- #1

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## Homework Statement:

- Subtracting mixed numbers

## Relevant Equations:

- Least common multiple

I really can t find my mistake here 17/20 is the proper answer

Thanks

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- Thread starter chriscarson
- Start date

- #1

- 161

- 21

## Homework Statement:

- Subtracting mixed numbers

## Relevant Equations:

- Least common multiple

I really can t find my mistake here 17/20 is the proper answer

Thanks

Last edited by a moderator:

- #2

berkeman

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When you put the 3 fractions over the common denominator of 20, it looks like you did not convert the numerators correctly.

First step is to put the front whole number of each quantity into the numerator of each fraction without changing the denominator yet. So ##5\frac{3}{4} = \frac{?}{4}##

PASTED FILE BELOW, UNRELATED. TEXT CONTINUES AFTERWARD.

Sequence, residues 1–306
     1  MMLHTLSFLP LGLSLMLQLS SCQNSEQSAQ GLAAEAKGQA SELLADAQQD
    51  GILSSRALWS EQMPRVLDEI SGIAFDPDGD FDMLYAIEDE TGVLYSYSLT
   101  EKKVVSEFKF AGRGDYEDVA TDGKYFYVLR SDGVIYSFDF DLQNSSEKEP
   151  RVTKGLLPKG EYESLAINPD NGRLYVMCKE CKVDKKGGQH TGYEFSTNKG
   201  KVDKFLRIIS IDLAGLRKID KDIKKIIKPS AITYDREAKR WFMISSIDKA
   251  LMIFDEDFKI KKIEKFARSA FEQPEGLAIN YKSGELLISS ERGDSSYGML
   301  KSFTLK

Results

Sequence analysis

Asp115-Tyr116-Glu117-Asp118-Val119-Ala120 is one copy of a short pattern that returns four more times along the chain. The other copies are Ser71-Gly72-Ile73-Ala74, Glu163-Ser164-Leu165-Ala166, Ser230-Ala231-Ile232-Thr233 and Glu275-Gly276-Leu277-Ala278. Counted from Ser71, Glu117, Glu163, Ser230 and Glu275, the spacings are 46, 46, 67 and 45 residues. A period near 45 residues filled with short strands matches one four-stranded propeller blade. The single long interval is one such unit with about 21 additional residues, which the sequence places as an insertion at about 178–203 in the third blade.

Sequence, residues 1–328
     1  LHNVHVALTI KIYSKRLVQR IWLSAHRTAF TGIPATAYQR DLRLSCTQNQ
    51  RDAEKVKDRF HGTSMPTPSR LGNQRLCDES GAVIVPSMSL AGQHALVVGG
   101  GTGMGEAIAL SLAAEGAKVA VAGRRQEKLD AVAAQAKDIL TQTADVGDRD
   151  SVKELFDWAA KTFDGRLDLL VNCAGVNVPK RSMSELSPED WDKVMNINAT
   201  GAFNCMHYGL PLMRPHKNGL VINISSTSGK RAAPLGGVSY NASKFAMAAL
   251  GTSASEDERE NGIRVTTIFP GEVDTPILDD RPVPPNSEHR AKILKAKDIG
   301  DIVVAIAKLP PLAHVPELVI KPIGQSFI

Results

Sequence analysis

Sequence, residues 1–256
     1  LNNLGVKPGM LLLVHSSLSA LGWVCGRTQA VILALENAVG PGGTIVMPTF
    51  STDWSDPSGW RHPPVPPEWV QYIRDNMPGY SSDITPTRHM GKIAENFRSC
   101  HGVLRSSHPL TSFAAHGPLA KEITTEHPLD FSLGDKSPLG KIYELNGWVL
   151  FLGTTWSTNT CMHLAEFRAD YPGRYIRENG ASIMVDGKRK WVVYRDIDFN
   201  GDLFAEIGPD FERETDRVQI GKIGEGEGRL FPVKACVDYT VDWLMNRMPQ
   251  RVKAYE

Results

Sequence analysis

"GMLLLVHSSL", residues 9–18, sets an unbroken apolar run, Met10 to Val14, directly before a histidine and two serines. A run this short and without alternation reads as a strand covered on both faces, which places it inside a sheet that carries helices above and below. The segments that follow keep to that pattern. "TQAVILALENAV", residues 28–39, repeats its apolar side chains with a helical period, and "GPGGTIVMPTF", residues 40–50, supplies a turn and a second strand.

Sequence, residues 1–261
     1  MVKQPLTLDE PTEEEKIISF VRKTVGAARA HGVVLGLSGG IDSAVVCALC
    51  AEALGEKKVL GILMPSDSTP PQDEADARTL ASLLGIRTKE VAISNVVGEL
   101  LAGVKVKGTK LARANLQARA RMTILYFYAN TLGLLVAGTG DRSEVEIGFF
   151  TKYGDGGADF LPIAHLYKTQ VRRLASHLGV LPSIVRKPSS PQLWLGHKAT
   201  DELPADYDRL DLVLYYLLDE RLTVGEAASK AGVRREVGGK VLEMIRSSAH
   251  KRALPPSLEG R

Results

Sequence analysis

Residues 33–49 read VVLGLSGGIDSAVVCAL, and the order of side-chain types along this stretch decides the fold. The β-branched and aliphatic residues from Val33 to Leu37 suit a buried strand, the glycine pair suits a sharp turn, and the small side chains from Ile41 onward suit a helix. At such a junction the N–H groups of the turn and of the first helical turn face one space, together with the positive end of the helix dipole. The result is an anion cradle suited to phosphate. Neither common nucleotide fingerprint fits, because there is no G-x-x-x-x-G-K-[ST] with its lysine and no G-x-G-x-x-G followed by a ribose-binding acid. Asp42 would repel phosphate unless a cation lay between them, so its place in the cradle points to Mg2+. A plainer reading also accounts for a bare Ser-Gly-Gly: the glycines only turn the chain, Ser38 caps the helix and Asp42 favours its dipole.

Then after you have converted each of the 3 quantities to pure fractions, go ahead and multiply to put them over the common denominator of 20. Does that work for you?

First step is to put the front whole number of each quantity into the numerator of each fraction without changing the denominator yet. So ##5\frac{3}{4} = \frac{?}{4}##

Then after you have converted each of the 3 quantities to pure fractions, go ahead and multiply to put them over the common denominator of 20. Does that work for you?

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- #3

DaveC426913

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[ DUPE ]

- #4

berkeman

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(Great minds think alike!)[ DUPE ]